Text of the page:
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Terms as they relate to the watch making industry

Time indication by hands and dial; means corresponding. Originally an electronic term that was adapted by watch making with the spread of the quartz movement.
Antimagnetic Watch
A watch whose parts are protected from but the very strongest magnetism; quartz watches cannot be disturbed by the phenomenon.
Applied Numerals
Raised metal characters attached to dail
Automatic Watch
Mechanical watch with a mainspring that is wound by the wearers movements via a rotor.
Auxillary Dial
Small dial showing seconds only, up to one minute, usually at the six o’clock position
Back Winder
Flat crown set into the back of the case for setting time and winding.
Rectangular movement, with a length at least three times its width. Popular shape for Art Deco watches.
Running regulator of mechanical watch; it oscillates about its axis of rotation, the hair-spring making it swing to and fro (tick-tock) in equal time parts. Balances of modern wristwatches beat up to 10 beats per second.
Circular box housing mainspring; teeth attached at edge drive gears; going barrel has great wheel mounted upon it.
Baton Numerals
Undecorated non-numerical markers of hours, minutes and seconds.
Metal surround frame in which watch glass(crystal) is fitted.
Breguet Hand
Popular design by Breguet; the slightly tappered needle of the hand ends in a pointed head mounted on a circle, which is pierced with a hole. Sometimes called a moon hand.
Bull’s Eye
Central thicker part of a watch glass, giving the effect of a magnifying glass. Usually found in English pocket watches.
Better known as crown or winder; sometimes refers to chronograph.
Cabochon Crown
Crown or winder set with a jewel.
Once used only to denote the diameter of a watch movement; now often only indicates type (e.g. mens, ladies, automatic)
The official scale by which the purity of gold is determined. 24 carrot is pure gold, 18 carrots is 18 parts in 24 are gold etc..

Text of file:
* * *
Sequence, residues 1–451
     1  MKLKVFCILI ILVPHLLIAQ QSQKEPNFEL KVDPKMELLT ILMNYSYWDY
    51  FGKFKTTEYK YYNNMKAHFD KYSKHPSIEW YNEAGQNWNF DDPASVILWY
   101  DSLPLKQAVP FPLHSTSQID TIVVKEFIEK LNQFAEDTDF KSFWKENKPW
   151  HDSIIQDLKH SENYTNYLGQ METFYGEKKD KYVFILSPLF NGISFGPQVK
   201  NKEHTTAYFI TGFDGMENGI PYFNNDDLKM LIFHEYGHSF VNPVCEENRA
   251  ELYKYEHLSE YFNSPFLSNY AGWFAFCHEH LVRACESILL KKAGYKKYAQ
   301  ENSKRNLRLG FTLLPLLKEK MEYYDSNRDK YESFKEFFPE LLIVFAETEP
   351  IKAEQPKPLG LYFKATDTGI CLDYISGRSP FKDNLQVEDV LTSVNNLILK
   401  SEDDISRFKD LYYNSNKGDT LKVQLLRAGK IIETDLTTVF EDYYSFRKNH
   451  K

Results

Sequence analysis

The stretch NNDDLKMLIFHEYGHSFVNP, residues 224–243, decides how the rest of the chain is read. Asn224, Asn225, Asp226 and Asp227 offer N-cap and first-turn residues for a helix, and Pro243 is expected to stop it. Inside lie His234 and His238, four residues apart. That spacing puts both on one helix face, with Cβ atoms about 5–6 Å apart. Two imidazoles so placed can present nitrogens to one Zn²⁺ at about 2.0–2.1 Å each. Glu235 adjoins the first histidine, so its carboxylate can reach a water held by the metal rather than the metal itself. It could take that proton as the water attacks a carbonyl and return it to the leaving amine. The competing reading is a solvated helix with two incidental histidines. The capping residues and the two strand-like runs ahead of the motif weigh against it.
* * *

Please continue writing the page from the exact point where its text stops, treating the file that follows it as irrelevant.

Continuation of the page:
An enamel painting technique, used on watch cases. The outline of the desired pattern is cut into the surface, this hollow is then filled with enamel.
Watch which has an independant stop watch for short interval timming.
Ordinary watch which has passed extremely severe precision and reliability tests in an official observatory.
An enamel painting technique, used on watch cases. The outline of the desired pattern is formed by metal wires, the enamel is then put into the compartments and burnt.
Complicated Watch
Watch with functions not directly related to the time of day. (eg: calendars, chronographs, moonphases, perpetual, repeaters etc..)
Coq (balance cock)
The bar for the balance was initially (16th century) a rather simple part.

In the 17th and 18th century, the balance cocks were richly ornamented, in luxury watches, precious stones were set into the cocks. The French balance cock was typically round or oval with two lugs for the fixing screws. The English balance cock was round with an anchor- or sector-shaped heel.

Knob, generally knurled and positioned outside the case at three o’clock, for winding, correcting and setting.
Glass dial cover (made of glass, plastic, synthetic sapphire, or quartz crystal) fitted into bezel.
Deck Watch
The deck watch (or “ship’s chronometer”) is a very precise chronometer in pocket watch size (with a large case with a diameter of up to 70 mm).

These high-precision watches were initially made with a chronometer escapement, later with a lever escapement. They were not only used for nautical purposes, but they also found their way into military use as late as WW II.
Deck watches often have a power-reserve indicator.

Deployment Buckle
Two strips of hinged metal (curved to the wrist shape) on the watchband; upon closing, one folds over the other to cover it. Probably invented by Cartier.
Face of the watch, showing hours, minutes, seconds. Other small dials are called subsidury dials.
Divers Watch
Doctors Watch
Also known as a duoplan or duodial. An auxillary seconds dial is separated from the hour and minute dial; useful for quick reference when taking pulse count.
The escapement is the mechanism between the train and the regulating organ, i.e., the balance or pendulum (Berner). Some of the more common escapements found in pocket watches: chronometer escapement, cylinder escapement, detent escapement, English lever escapement, pin-pallet escapement, Swiss lever escapement, verge escapement.
Form Watch
Watch in a very unusual shape.
Fusee (chain)
The mainspring does not deliver a continuous driving-power to the train: When the spring is fully wound, its power is greater than when it is nearly unwound.
The fusee equalizes these differences: A spiral groove on the conical fusee winds a gut cord (or a chain; cf. below) that is attached to the barrel.
By carefully adjusting the fusee to the mainspring, the differences caused by different states of winding of the mainspring can be nearly compeletely eliminated.
In older literature, you may find that the fusee was invented by Leonardo da Vinci, but a fusee is already found in a table clock made around 1430 that was in the possession of Duke Philip “the Good” of Burgundy (1396-1467).
Hack Features
Balance stopping – Second hand which is stopped to synchronize time, when crown is pulled out.
Integral Bracelet
Designed as natural extension of watch case.